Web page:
University of Iowa College of Law
"Democracy," said Churchill, "means that if the door bell rings in the early hours, it is likely to be the milkman." He might have added that if the caller is not the milkman, but a police officer, Anglo-American democracy contemplates that the writ of habeas corpus will be available to the citizen awakened and dragged off into the darkness. The Great Writ has no substantive content of its own but provides the machinery for putting claims before state and federal courts-for translating substantive principles of liberty into effective law. The writ is process, but more than process. It is the means by which liberty is maintained in the most basic sense. "Its root principle," in the words of the Supreme Court, "is that in a civilized society, government must always be accountable to the judiciary for a man's imprisonment. "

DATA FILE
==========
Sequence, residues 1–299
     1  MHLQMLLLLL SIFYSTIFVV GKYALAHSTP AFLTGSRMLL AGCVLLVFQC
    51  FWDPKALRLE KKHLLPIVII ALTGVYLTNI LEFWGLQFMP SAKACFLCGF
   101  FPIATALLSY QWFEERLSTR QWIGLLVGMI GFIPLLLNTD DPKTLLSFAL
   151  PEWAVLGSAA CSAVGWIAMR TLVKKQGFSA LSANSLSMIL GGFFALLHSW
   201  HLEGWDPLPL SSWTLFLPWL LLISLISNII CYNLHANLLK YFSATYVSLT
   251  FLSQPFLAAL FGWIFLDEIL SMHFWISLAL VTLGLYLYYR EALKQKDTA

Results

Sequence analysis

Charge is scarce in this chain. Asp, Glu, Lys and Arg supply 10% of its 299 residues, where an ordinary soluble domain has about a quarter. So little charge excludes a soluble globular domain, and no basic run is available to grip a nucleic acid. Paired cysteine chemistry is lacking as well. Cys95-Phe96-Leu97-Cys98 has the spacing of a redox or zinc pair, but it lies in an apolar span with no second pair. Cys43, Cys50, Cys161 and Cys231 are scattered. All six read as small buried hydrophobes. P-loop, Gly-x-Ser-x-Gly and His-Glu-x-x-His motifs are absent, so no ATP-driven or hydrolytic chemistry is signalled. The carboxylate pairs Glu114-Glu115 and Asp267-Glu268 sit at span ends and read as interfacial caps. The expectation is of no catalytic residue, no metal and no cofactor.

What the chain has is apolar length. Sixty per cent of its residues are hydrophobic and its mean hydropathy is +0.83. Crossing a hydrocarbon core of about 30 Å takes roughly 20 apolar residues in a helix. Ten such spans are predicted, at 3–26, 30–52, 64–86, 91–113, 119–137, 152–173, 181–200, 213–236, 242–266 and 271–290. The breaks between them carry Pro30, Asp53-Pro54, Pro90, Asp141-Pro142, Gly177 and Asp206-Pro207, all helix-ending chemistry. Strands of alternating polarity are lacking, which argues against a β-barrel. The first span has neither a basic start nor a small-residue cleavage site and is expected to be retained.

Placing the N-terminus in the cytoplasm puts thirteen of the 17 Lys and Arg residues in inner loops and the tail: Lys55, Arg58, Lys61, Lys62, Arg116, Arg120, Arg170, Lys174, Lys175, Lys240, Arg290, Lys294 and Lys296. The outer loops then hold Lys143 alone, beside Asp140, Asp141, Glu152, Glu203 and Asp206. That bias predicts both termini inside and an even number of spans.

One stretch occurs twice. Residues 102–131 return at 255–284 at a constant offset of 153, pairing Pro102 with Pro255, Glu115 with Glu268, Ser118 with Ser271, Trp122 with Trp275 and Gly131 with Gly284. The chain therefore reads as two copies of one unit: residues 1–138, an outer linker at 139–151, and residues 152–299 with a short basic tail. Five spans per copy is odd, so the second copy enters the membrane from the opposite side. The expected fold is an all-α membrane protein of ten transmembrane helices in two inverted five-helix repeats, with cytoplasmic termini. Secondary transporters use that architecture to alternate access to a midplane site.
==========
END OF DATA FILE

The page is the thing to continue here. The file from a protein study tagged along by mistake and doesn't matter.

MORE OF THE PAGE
The Reagan Administration's Habeas Corpus Proposals
Iowa Law Review
Available at: https://scholarship.law.bu.edu/faculty_scholarship/1719